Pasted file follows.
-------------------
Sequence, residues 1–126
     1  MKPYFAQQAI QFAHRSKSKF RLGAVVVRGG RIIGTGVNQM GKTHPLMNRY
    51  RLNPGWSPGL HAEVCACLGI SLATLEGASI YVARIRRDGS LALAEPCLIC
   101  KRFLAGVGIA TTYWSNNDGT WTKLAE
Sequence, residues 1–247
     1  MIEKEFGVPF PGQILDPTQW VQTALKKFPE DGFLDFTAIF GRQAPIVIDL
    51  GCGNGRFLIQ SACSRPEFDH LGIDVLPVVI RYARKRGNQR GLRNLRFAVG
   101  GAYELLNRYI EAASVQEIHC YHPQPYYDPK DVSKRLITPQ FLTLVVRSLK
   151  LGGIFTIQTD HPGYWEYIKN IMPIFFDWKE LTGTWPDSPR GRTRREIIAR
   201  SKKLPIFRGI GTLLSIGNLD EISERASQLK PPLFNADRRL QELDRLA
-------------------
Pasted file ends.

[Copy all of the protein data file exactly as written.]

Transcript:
Sequence, residues 1–126
     1  MKPYFAQQAI QFAHRSKSKF RLGAVVVRGG RIIGTGVNQM GKTHPLMNRY
    51  RLNPGWSPGL HAEVCACLGI SLATLEGASI YVARIRRDGS LALAEPCLIC
   101  KRFLAGVGIA TTYWSNNDGT WTKLAE
Sequence, residues 1–247
     1  MIEKEFGVPF PGQILDPTQW VQTALKKFPE DGFLDFTAIF GRQAPIVIDL
    51  GCGNGRFLIQ SACSRPEFDH LGIDVLPVVI RYARKRGNQR GLRNLRFAVG
   101  GAYELLNRYI EAASVQEIHC YHPQPYYDPK DVSKRLITPQ FLTLVVRSLK
   151  LGGIFTIQTD HPGYWEYIKN IMPIFFDWKE LTGTWPDSPR GRTRREIIAR
   201  SKKLPIFRGI GTLLSIGNLD EISERASQLK PPLFNADRRL QELDRLA